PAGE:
Christine Lagarde named President of the European Central Bank

Christine Lagarde European Central Bank — An agreement was found Tuesday night between the 28 members of the European Union on the “tops jobs”. The current Belgian Prime Minister Charles Michel will get the presidency of the European Council while the position of High Representative for Foreign Affairs will be entrusted to the Spaniard Josep Borrell.

After days of deadlock, an agreement was finally reached Tuesday on the appointments to the Brussels summit. Two women are expected to obtain key positions: German Minister Ursula von der Leyen at the European Commission and French Christine Lagarde at the European Central Bank.

The presidency of the European Council will be occupied by the current Belgian Liberal Prime Minister Charles Michel, while the Spanish Socialist Minister Josep Borrell inherits the post of High Representative for Foreign Affairs.

The current President of the European Council, Donald Tusk, has welcomed a “perfect balance between the sexes” with two men and two women. All four leaders, however, are from Western Europe, although the East could inherit the presidency of the European Parliament, on which MEPs will decide Wednesday in Strasbourg. The name of Bulgarian Socialist Sergei Stanishev is circulating.

Unknown abroad, the German Defense Minister, Ursula von der Leyen, a close friend of Angela Merkel, will be the first woman and only the second German to head the Commission. From November 1st and for five years. Her name was proposed by French President Emmanuel Macron, which paved the way for a Frenchwoman, Christine Lagarde, to take the helm of the European Central Bank (ECB). Here too, a first for a woman.

The former French finance minister, who will be appointed for 8 years, said she was “very honored”. “She will occupy this new position with great prudence and commitment,” said Angela Merkel.

“European Heads of State and Government unanimously agreed that Christine Lagarde’s skills and experience qualify her to hold the presidency of the European Central Bank,” Emmanuel Macron said.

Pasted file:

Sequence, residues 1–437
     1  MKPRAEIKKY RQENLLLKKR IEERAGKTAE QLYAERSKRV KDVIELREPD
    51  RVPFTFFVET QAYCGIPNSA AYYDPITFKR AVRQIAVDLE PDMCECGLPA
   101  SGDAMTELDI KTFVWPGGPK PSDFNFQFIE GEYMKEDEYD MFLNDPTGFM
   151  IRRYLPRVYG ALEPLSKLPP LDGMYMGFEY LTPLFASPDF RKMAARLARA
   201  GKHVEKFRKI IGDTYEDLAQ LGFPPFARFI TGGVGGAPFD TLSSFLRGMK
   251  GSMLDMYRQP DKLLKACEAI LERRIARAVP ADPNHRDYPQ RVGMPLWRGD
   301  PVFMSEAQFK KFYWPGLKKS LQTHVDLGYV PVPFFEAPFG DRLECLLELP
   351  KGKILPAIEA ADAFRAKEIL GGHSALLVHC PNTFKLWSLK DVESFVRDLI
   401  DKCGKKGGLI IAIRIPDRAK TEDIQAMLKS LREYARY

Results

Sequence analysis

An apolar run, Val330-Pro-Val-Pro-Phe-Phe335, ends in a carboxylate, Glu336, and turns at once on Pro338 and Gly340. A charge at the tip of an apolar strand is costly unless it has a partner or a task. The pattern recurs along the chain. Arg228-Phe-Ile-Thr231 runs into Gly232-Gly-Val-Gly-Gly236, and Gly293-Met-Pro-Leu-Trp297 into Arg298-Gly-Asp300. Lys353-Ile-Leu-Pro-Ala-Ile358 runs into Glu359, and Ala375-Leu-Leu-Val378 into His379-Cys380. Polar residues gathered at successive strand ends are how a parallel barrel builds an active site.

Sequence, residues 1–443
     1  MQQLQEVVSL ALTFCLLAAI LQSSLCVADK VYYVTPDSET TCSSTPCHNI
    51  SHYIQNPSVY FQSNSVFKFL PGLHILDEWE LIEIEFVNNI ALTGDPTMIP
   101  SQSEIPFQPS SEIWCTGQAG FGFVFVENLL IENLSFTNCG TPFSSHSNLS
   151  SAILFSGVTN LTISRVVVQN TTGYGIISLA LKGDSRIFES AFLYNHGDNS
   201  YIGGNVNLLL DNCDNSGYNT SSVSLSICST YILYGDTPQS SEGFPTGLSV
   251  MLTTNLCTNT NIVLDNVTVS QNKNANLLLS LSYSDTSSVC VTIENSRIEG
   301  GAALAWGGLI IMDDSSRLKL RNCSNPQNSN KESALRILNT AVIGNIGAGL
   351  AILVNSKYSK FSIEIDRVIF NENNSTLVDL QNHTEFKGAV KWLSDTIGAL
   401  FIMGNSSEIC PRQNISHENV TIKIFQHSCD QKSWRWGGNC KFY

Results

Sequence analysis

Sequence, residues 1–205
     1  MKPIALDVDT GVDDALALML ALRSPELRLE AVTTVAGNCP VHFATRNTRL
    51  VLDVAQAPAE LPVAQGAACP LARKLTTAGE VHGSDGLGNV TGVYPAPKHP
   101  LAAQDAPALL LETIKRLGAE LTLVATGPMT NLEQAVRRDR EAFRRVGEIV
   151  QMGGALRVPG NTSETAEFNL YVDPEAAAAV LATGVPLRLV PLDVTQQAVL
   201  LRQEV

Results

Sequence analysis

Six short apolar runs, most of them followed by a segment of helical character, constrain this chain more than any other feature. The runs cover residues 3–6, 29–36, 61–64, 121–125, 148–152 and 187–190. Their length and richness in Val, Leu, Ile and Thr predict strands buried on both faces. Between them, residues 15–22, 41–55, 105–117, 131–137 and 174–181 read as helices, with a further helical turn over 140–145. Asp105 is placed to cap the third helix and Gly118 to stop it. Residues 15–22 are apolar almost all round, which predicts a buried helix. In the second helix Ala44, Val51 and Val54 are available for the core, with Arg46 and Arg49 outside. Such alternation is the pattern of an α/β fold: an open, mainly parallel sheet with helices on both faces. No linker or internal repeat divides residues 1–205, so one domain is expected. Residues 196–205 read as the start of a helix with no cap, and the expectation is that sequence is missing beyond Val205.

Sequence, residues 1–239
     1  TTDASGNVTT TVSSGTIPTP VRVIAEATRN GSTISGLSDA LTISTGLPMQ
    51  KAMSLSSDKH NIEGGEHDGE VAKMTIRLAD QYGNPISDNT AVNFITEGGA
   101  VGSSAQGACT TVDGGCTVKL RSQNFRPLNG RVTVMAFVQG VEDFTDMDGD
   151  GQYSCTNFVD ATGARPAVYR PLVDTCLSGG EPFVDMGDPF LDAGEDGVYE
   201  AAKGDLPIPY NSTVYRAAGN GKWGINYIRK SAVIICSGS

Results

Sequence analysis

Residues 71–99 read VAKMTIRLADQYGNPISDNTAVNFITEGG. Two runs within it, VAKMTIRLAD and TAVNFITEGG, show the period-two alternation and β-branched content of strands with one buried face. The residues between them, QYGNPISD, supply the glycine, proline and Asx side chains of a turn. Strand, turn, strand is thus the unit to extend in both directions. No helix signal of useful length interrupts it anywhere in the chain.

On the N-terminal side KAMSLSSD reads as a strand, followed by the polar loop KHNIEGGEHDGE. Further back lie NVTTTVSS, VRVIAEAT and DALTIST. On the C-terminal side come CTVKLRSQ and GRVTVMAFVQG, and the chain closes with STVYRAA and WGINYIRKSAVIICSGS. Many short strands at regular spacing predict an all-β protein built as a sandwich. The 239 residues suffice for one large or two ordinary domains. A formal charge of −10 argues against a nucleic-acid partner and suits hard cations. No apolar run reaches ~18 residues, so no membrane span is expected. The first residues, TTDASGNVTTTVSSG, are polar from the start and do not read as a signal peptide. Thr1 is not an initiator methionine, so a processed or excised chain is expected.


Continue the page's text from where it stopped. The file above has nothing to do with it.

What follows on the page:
The von der Leyen / Lagarde ticket allows France and Germany to each obtain a major European post, and the European right to keep the head of the Commission. The future President of the European Council, Liberal Charles Michel, promised to preserve “unity, diversity and especially solidarity” in the EU.

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“Spain is back strongly to represent the EU’s foreign and defense policy,” said Spanish Socialist Prime Minister Pedro Sanchez, referring to Josep Borrell, his proposed foreign minister for the diplomacy of the EU. This compromise puts an end to deep divisions between European leaders on the new team to lead the EU.

A trained doctor with seven children, Ursula von der Leyen is fluent in French and English and has held several ministerial posts. At 60, this native of Brussels is unpopular in Germany, however, because of a controversial record at the Ministry of Defense.

A sign of the hostility that surrounds her name, Angela Merkel was forced to abstain Tuesday during the vote at the European summit, not to offend his social democratic allies in the coalition government. The Socialist Group in the European Parliament also expressed disappointment.

The appointment of Ursula von der Leyen will have to be approved by a vote in the Chamber. The German, on the other hand, obtained the indispensable support of the four Visegrad Group countries (Hungary, Slovakia, Czech Republic, Poland), who had opposed in the morning another candidate, the Dutch socialist Frans Timmermans.